The spirit of our philanthropy is alive and well.
According to Giving USA, charitable giving in the U.S. reached a record $471.44 billion in 2020, up 5.1 percent from the previous year. The ongoing challenges brought on by COVID-19 in 2020 led donors and non-profit organizations alike to shift into high gear.
Conversely, a separate longitudinal study from the University of Indiana’s Lilly Family School of Philanthropy compared giving rates from 2000 to 2018. The study revealed that fewer American households are giving to charity. In 2000, 66 percent of American households made a charitable donation; by 2018, that had fallen to fewer that 50 percent.
There are many reasons philanthropic giving figures ran the gamut from generous to hesitant, but here in Kansas City, we have many examples that showcase the philanthropic nature of our city. Ask the business community to name as many local philanthropists as possible and most will be able to hit double digits without struggling. It’s a condition some of our peer organizations in other cities find enviable.
While not all philanthropy in the city flows through the Community Foundation’s doors for a complete count, the city’s philanthropic response compared to the national averages is strong. One example that bears out Kansas City’s spirit is the rapid creation and careful planning that became the Kansas City Regional COVID-19 Response and Recovery Fund. The fund was created in March 2020 to address the needs of those communities affected by the pandemic. Our philanthropic spirit can also be seen in the organizations that came together to establish the Fund: the Greater Kansas City Community Foundation, United Way of Greater Kansas City, LISC Greater Kansas City (Local Initiatives Support Corp.), and the Mid-America Regional Council.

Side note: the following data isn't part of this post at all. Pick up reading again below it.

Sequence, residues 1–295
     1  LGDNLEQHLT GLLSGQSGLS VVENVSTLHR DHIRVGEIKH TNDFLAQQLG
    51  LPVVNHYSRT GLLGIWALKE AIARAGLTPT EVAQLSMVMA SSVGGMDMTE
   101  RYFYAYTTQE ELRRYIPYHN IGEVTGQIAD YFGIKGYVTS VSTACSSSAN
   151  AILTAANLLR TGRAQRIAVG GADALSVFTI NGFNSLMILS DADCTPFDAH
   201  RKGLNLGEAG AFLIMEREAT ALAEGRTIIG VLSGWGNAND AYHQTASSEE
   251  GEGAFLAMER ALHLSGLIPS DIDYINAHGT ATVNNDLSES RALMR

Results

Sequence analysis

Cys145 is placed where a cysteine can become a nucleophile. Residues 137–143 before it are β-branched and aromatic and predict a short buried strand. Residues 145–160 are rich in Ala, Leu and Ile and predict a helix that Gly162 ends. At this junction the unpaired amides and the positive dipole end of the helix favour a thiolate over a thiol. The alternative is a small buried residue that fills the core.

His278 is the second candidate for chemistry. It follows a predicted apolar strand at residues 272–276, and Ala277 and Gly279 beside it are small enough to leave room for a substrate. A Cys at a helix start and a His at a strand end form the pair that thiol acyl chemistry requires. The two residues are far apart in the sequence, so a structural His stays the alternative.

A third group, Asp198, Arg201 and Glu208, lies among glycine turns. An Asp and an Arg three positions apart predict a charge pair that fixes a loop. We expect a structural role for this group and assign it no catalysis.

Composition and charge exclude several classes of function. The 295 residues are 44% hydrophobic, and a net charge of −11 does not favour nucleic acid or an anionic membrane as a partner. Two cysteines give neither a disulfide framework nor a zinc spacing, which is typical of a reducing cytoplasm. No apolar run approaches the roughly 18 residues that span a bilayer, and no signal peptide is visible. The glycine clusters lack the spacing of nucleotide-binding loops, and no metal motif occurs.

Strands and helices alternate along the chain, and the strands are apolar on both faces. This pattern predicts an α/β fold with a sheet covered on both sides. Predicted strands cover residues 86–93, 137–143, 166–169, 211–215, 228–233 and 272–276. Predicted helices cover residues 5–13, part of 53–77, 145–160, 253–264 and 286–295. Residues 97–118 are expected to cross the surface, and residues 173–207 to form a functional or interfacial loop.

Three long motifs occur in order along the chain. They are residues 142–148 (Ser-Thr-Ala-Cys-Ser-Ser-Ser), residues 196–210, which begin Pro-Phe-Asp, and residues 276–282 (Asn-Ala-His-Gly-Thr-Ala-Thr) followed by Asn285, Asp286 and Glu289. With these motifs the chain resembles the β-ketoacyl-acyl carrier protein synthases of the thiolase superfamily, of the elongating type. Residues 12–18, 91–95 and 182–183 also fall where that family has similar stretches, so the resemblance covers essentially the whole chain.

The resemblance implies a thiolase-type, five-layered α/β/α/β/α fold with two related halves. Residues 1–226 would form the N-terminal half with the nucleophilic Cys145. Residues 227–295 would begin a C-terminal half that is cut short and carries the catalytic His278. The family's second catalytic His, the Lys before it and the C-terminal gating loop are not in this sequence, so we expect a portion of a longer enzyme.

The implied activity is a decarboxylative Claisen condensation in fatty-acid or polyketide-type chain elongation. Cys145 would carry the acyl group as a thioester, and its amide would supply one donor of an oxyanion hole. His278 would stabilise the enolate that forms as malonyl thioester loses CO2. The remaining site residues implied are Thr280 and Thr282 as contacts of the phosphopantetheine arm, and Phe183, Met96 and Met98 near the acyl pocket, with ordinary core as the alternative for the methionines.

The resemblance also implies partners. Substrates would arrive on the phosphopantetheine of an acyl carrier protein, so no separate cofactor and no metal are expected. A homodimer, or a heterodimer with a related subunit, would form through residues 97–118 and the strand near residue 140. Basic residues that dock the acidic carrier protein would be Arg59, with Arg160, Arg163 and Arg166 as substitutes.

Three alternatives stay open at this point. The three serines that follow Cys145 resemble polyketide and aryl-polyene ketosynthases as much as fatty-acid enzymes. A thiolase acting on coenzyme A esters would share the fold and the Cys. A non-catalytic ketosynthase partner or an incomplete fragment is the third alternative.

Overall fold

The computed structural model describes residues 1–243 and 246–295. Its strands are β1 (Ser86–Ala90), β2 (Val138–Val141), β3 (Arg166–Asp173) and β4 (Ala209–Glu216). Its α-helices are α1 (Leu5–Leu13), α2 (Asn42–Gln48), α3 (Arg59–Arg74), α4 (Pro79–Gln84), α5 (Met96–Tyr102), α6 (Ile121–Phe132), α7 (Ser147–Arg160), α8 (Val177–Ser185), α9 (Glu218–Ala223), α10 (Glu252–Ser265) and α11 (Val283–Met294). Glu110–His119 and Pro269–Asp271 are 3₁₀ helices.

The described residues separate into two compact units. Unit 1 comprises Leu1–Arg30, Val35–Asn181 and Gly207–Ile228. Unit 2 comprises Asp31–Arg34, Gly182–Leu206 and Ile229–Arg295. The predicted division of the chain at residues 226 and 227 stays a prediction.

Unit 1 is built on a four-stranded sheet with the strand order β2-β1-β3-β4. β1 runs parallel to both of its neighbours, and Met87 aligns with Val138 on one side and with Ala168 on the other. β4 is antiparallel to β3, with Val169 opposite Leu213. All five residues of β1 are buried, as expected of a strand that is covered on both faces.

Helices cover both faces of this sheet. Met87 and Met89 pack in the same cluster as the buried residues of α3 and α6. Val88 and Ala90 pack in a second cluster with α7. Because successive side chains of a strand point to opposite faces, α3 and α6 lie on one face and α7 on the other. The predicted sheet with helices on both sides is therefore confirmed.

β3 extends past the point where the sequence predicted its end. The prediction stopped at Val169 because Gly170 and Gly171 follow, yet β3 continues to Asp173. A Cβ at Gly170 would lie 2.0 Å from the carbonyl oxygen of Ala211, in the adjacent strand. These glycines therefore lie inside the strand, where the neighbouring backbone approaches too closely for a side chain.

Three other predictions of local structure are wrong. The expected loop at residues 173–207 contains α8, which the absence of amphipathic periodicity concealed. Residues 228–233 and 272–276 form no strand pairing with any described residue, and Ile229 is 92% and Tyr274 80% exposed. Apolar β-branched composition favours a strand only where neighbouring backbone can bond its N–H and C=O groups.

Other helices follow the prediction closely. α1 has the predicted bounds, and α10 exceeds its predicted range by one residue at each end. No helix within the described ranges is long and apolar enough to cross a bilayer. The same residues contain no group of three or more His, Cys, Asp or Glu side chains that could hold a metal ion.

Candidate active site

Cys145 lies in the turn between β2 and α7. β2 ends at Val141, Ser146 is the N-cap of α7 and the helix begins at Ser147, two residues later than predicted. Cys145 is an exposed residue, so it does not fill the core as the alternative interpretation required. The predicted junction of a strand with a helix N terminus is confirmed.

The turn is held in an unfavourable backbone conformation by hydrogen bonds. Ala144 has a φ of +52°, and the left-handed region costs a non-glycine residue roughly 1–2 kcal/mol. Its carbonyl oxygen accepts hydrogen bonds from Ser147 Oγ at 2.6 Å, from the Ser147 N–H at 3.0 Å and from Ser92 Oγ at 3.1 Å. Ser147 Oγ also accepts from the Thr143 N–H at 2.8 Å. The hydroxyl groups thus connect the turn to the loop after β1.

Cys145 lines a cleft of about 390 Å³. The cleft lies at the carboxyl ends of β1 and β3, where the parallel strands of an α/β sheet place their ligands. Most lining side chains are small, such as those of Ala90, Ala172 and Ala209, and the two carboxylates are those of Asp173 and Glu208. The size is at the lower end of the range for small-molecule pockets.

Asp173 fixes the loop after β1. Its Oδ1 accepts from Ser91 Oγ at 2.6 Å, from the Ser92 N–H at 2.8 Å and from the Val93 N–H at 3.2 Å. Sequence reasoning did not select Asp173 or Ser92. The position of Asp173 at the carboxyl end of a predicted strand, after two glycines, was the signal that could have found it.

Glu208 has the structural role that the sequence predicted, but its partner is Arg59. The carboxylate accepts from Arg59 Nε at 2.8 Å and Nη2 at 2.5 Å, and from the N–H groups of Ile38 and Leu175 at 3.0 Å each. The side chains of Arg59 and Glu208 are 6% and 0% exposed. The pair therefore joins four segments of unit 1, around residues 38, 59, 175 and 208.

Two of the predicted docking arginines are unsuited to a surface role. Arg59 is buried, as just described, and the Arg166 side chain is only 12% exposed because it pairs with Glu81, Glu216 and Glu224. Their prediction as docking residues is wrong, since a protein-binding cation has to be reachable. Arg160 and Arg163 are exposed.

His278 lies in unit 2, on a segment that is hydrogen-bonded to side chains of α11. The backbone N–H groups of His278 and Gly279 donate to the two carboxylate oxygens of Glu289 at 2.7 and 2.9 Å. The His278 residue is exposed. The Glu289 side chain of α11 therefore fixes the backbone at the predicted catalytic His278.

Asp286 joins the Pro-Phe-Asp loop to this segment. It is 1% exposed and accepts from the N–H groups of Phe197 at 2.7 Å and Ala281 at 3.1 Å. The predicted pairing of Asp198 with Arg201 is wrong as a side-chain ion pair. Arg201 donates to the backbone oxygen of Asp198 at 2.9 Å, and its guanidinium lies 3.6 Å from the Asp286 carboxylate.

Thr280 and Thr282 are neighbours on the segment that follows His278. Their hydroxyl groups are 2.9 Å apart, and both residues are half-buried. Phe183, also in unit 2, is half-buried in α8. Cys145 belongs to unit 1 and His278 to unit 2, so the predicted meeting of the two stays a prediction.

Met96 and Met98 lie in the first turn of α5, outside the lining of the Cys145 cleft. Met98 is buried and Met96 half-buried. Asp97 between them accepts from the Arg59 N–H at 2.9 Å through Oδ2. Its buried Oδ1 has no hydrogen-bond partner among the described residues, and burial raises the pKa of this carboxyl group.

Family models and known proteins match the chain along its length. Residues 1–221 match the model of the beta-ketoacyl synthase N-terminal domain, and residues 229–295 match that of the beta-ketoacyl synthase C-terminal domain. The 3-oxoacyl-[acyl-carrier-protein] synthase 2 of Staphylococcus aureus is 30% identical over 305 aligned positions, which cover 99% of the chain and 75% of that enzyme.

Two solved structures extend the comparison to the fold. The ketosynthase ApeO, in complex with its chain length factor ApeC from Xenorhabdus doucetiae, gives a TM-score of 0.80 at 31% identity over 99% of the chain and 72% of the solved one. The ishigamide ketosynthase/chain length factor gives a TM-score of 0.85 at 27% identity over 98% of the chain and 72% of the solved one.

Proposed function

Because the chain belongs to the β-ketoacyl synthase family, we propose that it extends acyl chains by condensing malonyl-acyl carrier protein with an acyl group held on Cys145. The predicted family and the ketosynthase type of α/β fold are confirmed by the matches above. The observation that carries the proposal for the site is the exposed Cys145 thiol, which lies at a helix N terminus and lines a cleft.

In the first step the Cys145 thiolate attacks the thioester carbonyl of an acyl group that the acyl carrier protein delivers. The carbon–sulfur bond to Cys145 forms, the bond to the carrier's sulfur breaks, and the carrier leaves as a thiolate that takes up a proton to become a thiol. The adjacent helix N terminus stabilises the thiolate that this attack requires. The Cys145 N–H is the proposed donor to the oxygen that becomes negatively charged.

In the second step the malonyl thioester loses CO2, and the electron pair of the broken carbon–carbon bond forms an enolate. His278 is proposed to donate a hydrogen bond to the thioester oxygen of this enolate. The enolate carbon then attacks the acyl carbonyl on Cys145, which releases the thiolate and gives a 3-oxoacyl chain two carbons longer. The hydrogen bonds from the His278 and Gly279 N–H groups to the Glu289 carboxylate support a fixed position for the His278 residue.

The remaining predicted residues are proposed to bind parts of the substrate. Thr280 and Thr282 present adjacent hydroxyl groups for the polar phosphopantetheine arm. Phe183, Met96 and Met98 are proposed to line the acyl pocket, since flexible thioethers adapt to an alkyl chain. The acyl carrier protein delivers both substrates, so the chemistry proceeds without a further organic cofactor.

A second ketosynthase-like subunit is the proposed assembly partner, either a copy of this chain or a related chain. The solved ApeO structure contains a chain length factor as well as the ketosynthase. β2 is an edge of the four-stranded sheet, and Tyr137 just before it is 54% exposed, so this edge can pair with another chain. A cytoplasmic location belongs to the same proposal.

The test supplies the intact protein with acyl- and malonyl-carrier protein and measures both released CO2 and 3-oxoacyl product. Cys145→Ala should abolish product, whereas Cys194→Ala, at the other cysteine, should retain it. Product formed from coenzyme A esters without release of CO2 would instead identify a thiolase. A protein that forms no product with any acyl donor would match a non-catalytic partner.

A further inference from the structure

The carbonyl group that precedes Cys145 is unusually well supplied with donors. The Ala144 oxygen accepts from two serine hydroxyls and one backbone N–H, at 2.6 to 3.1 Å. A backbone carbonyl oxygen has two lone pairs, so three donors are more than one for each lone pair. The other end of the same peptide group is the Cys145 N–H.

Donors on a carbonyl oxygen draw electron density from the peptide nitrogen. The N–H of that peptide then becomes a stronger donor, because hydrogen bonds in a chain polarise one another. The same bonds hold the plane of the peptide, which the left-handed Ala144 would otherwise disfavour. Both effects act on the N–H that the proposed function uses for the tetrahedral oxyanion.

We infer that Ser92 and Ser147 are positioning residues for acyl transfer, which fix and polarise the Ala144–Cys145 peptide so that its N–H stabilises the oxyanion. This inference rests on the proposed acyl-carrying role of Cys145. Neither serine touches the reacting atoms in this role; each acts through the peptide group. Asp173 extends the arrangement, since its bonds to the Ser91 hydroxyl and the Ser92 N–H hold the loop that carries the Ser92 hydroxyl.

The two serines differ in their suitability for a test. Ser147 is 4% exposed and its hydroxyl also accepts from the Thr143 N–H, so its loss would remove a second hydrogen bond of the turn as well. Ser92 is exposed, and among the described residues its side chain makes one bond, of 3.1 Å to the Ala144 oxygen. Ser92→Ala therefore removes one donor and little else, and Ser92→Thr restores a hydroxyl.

A diverse group of advisers tasked with determining where the dollars would go worked diligently to follow best practices for disaster philanthropy and applied an equity lens to the process to help communities disproportionately affected by the pandemic. The application was short and simple to reduce the administrative burden on already-stressed non-profits, and grants were deployed quickly. Many funding organizations also quickly shifted their practices and priorities to respond to this critical need.
Specifically, the Hall Family Foundation and the Sunderland Foundation partnered for matching challenge grants that came to $6 million, inspiring other foundations, companies and individuals to step forward and make significant commitments of their resources.
The Hall Family Foundation’s 2020 Annual Report sums it up perfectly: “Partnering with organizations that help our most vulnerable has never been more important. Supporting groups that work to address complex problems with community solutions has never been more needed.”
Perhaps in contrast to the national individual giving trends, donations to the Kansas City Regional COVID-19 Response and Recovery Fund saw significant donations of lower amounts. Our local media outlets encouraged small donations during the “OneKC Day of Giving,” which raised more than $2 million. The spirit of Kansas City philanthropy is alive and well.
As we look to Kansas City’s donation patterns in 2021, we are on pace with 2020. This is thanks to Kansas City’s giving spirit of course, but it is also a testament to the wide array of donation options available to donors from all walks of life. We love to see it all—crowdfunding via social media, fundraisers in honor of birthdays, and microloans to artists and small businesses. And, what keeps us busy at the Community Foundation, the ability to grow charitable giving tax-free through tools like donor-advised funds. Vehicles for organized philanthropy were previously available only to the wealthiest individuals, but now they’re an option for everyone.
The thousands of donors we work with at the Community Foundation are thinking creatively about how to turn their assets into philanthropic dollars that they can quickly and easily donate to the charities working to improve their communities. Donations in the form of appreciated assets, IRA distributions, cryptocurrency, commercial property, farmland, C-Corp and S-Corp stock, LLC interests, and private equity keep us busy, especially at year-end.
Kansas City is indeed a center for philanthropy. It’s not only local donors who keep us busy, but hundreds of donors outside of Kansas City who tap into our philanthropic advisers’ expertise to ensure they make the most of their charitable investments. Our commitment to our amazing hometown, and the long list of KC-based philanthropists—some you know, others you don’t—will remain for generations.